On Friday, President Andrej Kiska held a speech at the annual GLOBSEC Bratislava Global Security Forum:

“It’s been only few hours since I came back from NATO summit in Brussels. This one was highly anticipated. Not surprisingly — it was the first summit of head of states and governments with the participation of the new US president. And let’s be honest, in months since the US elections many of us in this room were worried about what to expect. Fortunately, our transatlantic bond is as strong as ever. We stick together, we guard each other’s back. The Alliance remains the backbone of our security. And moreover, we have a new ally on board — Montenegro.

All 28 member states are determined to fulfill their share of responsibility. This is also important for me personally as the president of the Slovak Republic. Some of you may know that I’ve been very vocal about the half-hearted attitude of our authorities towards our NATO commitments. So I was pleased to announce yesterday in Brussels that the government approved Slovak contribution to securing our allies in the Baltics through so-called enhanced forward presence. Moreover, we will join up fighting terrorism efforts of the Alliance by deploying Slovak troops to Iraq.

I also reaffirmed the commitment of the Slovak government to allocate more resources to the defense budget. Last week, the Slovak parliament approved historically the first Declaration on defense spending. It underlines the basic fact that our security is not a question of political partisanship, but a matter of common responsibility towards our citizens. And that it cannot be provided by others, but it can only be shared.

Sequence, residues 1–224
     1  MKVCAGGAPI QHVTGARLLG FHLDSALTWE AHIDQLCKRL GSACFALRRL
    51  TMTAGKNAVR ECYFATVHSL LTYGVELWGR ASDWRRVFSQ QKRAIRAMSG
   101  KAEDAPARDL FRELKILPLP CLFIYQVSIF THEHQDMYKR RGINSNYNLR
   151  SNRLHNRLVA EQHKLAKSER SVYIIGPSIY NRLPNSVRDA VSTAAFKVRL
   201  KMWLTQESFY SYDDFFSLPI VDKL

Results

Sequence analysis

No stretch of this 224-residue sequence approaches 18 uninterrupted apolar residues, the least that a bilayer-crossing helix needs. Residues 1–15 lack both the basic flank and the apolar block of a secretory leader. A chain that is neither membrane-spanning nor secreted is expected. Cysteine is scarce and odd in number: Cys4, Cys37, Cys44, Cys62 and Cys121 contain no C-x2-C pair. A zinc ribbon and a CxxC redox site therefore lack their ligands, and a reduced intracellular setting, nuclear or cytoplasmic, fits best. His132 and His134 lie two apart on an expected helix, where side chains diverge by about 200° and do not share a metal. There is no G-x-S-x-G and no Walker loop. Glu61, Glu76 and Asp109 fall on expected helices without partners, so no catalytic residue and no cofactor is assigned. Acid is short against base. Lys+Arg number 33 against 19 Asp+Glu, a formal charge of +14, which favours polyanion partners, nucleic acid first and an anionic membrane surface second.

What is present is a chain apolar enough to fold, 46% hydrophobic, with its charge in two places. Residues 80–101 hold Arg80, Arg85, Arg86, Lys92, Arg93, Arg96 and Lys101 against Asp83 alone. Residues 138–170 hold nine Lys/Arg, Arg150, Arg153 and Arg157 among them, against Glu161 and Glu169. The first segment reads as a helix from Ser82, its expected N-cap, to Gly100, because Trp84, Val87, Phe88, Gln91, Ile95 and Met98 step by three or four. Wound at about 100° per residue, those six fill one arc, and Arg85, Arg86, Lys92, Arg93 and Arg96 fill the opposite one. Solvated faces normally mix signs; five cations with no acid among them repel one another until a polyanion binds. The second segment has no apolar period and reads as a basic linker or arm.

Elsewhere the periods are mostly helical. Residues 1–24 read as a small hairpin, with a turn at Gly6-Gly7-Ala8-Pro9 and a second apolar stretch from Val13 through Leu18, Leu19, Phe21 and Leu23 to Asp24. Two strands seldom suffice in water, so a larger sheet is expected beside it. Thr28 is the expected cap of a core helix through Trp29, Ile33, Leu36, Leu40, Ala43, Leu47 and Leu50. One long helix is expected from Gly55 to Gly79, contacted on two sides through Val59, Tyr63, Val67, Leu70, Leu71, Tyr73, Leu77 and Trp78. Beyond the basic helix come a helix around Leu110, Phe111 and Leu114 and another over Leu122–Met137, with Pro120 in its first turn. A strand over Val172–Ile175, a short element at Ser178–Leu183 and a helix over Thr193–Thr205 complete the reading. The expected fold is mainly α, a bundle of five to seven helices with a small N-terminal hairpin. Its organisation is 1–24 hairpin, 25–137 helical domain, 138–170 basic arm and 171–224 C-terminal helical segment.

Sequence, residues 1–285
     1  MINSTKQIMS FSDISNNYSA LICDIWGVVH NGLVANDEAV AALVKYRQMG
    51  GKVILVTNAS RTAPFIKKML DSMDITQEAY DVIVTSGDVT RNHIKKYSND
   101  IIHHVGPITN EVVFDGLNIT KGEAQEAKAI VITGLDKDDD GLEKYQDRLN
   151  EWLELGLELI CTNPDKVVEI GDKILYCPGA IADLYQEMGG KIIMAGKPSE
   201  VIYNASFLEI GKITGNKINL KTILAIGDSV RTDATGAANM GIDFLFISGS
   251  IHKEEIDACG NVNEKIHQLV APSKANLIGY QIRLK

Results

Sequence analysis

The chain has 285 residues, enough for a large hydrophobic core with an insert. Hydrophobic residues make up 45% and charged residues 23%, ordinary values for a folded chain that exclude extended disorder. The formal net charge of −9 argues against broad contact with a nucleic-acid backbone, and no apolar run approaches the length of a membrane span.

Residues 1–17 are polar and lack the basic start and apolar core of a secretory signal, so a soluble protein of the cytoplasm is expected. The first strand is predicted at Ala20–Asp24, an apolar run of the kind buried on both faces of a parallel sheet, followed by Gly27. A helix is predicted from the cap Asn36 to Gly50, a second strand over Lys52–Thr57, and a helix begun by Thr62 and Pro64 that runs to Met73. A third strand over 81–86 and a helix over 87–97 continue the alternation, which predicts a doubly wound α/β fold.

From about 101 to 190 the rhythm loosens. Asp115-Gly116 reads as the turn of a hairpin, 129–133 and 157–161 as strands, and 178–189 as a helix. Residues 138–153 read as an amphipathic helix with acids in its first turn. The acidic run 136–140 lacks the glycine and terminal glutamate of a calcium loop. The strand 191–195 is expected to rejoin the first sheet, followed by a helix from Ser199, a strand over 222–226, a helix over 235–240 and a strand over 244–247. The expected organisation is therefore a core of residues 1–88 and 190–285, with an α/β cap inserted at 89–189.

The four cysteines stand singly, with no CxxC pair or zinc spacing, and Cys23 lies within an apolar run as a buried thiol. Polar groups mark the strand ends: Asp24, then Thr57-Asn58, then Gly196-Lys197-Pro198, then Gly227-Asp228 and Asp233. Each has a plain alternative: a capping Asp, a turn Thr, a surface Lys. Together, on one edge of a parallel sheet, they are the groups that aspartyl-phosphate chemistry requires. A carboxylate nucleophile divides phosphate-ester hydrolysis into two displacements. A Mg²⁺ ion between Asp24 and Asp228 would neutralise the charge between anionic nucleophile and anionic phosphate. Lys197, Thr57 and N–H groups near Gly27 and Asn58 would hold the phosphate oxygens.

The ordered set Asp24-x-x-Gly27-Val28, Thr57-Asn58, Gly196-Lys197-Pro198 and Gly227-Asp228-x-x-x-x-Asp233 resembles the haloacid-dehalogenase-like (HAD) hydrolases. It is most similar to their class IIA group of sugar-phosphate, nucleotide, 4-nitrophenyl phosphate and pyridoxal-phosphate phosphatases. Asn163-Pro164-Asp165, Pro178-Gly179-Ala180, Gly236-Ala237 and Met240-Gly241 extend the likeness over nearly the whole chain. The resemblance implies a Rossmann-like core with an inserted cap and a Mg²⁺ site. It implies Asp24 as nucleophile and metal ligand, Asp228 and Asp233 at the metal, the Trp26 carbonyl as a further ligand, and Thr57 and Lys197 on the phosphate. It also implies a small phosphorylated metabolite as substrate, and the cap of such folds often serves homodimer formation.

Our people naturally want to live their lives without fear. Be it in Slovakia, Estonia, or France. But whatever resources we spend on defense, it may never be enough. To feel secure, we need trust in our collective will. Leaving no room for doubts that we would ever think twice before coming to help each other. This should be a clear message of all leaders of our Alliance to anyone who would like to test us.

So on the surface, it seems that after turbulent months full of uncertainty about the future, we finally managed to deliver some good news. I am not going to dispute it. But… as some of you may know… there has always been some “but” in my opening speeches here at Globsec. This time won’t be different. There are three things that worry me and I want to address today.

First: we struggle lately to maintain institutions of the West — be it NATO or the EU — as fellowship of truly democratic countries based on common values.

Second, we allowed the enemies of the free world to get into our heads, to meddle too much in our own affairs.

Third, we let our elections to be deformed into a survival game of our democratic destiny.

So let me elaborate a bit more on the first point. I want to stress this: the West is not only a geographic concept. The modern West is a decades old and value-based partnership — with NATO and the EU being the two institutions vital for our survival. That said, the European Union is not just another trade area, but the single most important project of peace and prosperity in the history of our continent. NATO is not a purposive firepower pool that bunch of countries put together to defend themselves. Surely, we are the alliance of common interests, but more importantly we are the alliance of common values.

It’s the core of what we are. It’s unquestionable part of our security. Our values are our strongest survival weapon against any enemy. That’s why we can act globally as the advocates of human rights and respect for the dignity of every single human being. Our values are the unique reason why we are the “good guys”. Whether it is freedom of speech, freedom of media, respect for NGOs or fight for good governance, none of them can be betrayed. Without a genuine will to tender democratic principles in every single member state, our ability to act together could be compromised.